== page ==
Story Source:

The above story is based on materials provided by New York University Medical Center And School Of Medicine. Note: Materials may be edited for content and length.


Cite This Page:

New York University Medical Center And School Of Medicine. "Jews Are The Genetic Brothers Of Palestinians, Syrians, And Lebanese." ScienceDaily. ScienceDaily, 9 May 2000. <www.sciencedaily.com/releases/2000/05/000509003653.htm>.
New York University Medical Center And School Of Medicine. (2000, May 9). Jews Are The Genetic Brothers Of Palestinians, Syrians, And Lebanese. ScienceDaily. Retrieved July 25, 2014 from www.sciencedaily.com/releases/2000/05/000509003653.htm
New York University Medical Center And School Of Medicine. "Jews Are The Genetic Brothers Of Palestinians, Syrians, And Lebanese." ScienceDaily. www.sciencedaily.com/releases/2000/05/000509003653.htm (accessed July 25, 2014).

Share This




More Health & Medicine News

Friday, July 25, 2014

Featured Research

from universities, journals, and other organizations


Featured Videos

from AP, Reuters, AFP, and other news services

New Painkiller Designed To Discourage Abuse: Will It Work?

New Painkiller Designed To Discourage Abuse: Will It Work?

Newsy (July 24, 2014) The FDA approved Targiniq ER on Wednesday, a painkiller designed to keep users from abusing it. Like any new medication, however, it has doubters. Video provided by Newsy
Powered by NewsLook.com
Doctor At Forefront Of Fighting Ebola Outbreak Gets Ebola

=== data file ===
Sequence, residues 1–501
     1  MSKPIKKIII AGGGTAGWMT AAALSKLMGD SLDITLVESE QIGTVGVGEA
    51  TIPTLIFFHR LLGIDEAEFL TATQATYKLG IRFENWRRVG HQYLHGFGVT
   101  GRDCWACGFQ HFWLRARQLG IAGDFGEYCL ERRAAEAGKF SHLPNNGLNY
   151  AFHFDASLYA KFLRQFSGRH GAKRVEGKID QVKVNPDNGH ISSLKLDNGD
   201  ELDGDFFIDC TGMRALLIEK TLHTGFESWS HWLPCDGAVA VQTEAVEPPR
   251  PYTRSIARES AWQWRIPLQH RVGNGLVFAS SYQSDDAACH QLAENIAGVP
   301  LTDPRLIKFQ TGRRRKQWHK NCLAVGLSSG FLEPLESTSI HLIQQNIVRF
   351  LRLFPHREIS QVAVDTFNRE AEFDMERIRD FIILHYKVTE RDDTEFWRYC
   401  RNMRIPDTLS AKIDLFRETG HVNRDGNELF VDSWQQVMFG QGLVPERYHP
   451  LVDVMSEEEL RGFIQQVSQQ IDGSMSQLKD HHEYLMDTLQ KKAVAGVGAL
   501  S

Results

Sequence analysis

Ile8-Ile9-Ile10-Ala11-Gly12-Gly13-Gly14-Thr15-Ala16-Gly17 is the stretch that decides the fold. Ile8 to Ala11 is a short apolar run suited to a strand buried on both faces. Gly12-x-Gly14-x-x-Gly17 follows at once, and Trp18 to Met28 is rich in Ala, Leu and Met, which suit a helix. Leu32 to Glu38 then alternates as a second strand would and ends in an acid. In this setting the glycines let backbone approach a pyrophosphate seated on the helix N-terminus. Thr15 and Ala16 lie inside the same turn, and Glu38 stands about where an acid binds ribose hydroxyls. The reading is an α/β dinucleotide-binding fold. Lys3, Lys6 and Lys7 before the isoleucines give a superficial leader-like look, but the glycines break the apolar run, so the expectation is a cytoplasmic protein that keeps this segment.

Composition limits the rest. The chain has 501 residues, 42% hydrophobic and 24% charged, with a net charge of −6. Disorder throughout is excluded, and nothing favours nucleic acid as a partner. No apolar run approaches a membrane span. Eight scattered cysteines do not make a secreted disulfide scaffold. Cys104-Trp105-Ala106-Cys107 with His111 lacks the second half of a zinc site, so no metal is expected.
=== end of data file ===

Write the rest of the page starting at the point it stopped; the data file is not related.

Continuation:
Doctor At Forefront Of Fighting Ebola Outbreak Gets Ebola

Newsy (July 24, 2014) Sheik Umar Khan has treated many of the people infected in the Ebola outbreak, and now he's become one of them. Video provided by Newsy
Powered by NewsLook.com
Condemned Man's US Execution Takes Nearly Two Hours

Condemned Man's US Execution Takes Nearly Two Hours

AFP (July 24, 2014) America's death penalty debate raged Thursday after it took nearly two hours for Arizona to execute a prisoner who lost a Supreme Court battle challenging the experimental lethal drug cocktail. Duration: 00:55 Video provided by AFP
Powered by NewsLook.com
Can Watching TV Make You Feel Like A Failure?

Can Watching TV Make You Feel Like A Failure?

Newsy (July 24, 2014) A study by German researchers claims watching TV while you're stressed out can make you feel guilty and like a failure. Video provided by Newsy
Powered by NewsLook.com

Search ScienceDaily

Number of stories in archives: 140,361

Find with keyword(s):
Enter a keyword or phrase to search ScienceDaily for related topics and research stories.

Save/Print:
Share:

Breaking News:
from the past week

In Other News

... from NewsDaily.com

Science News

    Health News

      Environment News

        Technology News



          Save/Print:
          Share:

          Free Subscriptions


          Get the latest science news with ScienceDaily's free email newsletters, updated daily and weekly. Or view hourly updated newsfeeds in your RSS reader:

          Get Social & Mobile


          Keep up to date with the latest news from ScienceDaily via social networks and mobile apps:

          Have Feedback?


          Tell us what you think of ScienceDaily -- we welcome both positive and negative comments. Have any problems using the site? Questions?
          Mobile: iPhone Android Web
          Follow: Facebook Twitter Google+
          Subscribe: RSS Feeds Email Newsletters
          Latest Headlines Health & Medicine Mind & Brain Space & Time Matter & Energy Computers & Math Plants & Animals Earth & Climate Fossils & Ruins